Inevitably, Will grows older (eight to be exact) and his curiosity about what his three adoptive parents haven’t disclosed or are currently hiding from him grows exponentially, as does his ability to investigate. Again, this is nothing different from what regular human parents go through—you try to hold off on explaining certain concepts until the kids are old enough to properly understand. But Will is already at that point, whether they like it or not, and it’s due in no small part to how well they’ve raised him.

To that end, when he spots Mary sneaking into the chapel to pray and finds her surrounded by white flame, Will runs in and grabs her to try to pull her out, causing severe burns that may scar his hands and arms for life. But when he comes to and Mary apologizes for keeping secrets, Will apologizes right back, for prying.

Mary also tells Will that she keeps praying to the goddess Mater she betrayed after death because she still reveres her, and because Mater provides bread to sustain Will. By all indications, Will didn’t live the best life back in our world, but these three undead monsters seem to be teaching him to be a better human.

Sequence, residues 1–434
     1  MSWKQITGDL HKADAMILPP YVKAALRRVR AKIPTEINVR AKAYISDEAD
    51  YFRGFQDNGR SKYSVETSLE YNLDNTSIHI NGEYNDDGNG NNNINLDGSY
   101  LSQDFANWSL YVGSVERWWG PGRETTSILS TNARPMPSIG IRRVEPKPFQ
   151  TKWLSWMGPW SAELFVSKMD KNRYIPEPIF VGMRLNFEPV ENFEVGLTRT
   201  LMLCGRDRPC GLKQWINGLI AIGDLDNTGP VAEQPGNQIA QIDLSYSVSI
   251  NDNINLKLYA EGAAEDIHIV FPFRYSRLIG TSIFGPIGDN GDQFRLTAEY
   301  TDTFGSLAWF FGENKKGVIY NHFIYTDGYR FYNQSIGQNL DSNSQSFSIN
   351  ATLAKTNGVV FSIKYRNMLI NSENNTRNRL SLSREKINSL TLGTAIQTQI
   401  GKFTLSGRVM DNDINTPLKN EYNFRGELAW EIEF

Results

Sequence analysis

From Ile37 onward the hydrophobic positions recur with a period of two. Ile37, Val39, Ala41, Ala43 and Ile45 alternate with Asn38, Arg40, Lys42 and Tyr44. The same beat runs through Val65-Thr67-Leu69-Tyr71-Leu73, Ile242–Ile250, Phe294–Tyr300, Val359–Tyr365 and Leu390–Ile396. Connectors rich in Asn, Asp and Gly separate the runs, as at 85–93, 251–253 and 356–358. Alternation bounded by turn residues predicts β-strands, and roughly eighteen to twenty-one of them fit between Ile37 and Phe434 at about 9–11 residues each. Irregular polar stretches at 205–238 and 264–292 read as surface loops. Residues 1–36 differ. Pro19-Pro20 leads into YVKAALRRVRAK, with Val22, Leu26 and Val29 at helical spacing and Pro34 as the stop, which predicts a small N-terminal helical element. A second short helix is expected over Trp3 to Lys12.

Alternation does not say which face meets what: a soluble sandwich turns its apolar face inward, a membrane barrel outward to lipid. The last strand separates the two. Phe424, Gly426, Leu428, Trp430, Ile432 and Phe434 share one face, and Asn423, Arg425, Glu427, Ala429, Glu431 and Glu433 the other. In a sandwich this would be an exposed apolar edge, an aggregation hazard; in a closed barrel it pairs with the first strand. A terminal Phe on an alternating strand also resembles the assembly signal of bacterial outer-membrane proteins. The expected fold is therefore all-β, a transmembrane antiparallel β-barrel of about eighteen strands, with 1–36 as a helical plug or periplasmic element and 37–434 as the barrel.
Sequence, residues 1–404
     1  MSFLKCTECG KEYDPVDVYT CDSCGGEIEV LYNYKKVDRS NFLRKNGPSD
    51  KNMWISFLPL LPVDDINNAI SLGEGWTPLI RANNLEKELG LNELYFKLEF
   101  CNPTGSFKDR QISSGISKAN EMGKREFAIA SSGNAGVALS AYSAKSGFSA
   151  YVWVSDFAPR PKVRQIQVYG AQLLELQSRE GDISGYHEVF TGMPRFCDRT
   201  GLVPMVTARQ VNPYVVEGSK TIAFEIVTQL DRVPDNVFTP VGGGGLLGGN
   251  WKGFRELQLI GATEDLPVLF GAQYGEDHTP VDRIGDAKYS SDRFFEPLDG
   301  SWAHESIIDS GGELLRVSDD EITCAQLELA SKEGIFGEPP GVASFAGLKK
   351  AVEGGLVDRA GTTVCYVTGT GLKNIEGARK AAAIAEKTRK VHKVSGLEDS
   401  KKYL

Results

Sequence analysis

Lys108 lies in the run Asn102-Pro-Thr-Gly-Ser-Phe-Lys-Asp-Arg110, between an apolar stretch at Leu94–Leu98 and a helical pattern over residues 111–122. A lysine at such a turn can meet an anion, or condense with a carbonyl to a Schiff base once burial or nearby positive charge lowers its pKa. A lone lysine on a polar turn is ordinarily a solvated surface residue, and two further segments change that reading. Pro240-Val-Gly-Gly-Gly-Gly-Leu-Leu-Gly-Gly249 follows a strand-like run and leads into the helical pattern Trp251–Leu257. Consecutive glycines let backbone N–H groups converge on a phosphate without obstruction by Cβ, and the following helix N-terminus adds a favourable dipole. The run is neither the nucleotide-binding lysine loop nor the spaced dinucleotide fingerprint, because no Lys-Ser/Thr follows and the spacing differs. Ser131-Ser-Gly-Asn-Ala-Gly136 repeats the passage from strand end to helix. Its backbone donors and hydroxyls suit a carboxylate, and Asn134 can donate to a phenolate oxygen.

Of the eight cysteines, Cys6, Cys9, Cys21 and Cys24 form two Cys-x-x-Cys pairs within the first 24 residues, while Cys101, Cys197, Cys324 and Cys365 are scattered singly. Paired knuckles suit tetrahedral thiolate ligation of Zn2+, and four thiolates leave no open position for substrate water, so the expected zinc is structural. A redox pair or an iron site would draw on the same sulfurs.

Good-natured, charming, optimistic, possessing just the right hint of darkness lurking beneath the surface (that city looked pretty dead) and a kick-ass English title, The Faraway Paladin is promising slice-of-life Isekai, perhaps different enough from Mushoku Tensei to keep it on my watchlist.

Rating: 4/5 Stars

Slime 300 – 06 – The Gang Meets the Demon King

Beelzebub shows up at Azusa’s place to announce that the Demon Realm has awarded her a special Medal of Honor in recognition of ending the conflict between the Red and Blue dragon tribes. It will be awarded in the Demon Realm, which means Azusa and her suddenly quite large family will have to take a trip. They’ll also need some nice dresses to wear.

The problem is, because Rosalie isn’t corporeal and her clothes are simply an afterimage from her life, she’s unable to change into a dress. Shalsha consults a friend who researches ghosts, and Azusa eventually uses her Create Magic to invent a spell that will enable Rosalie to wear whatever she wants. With that issue sorted, Beelz arrives with their ride to the realm: a massive leviathan.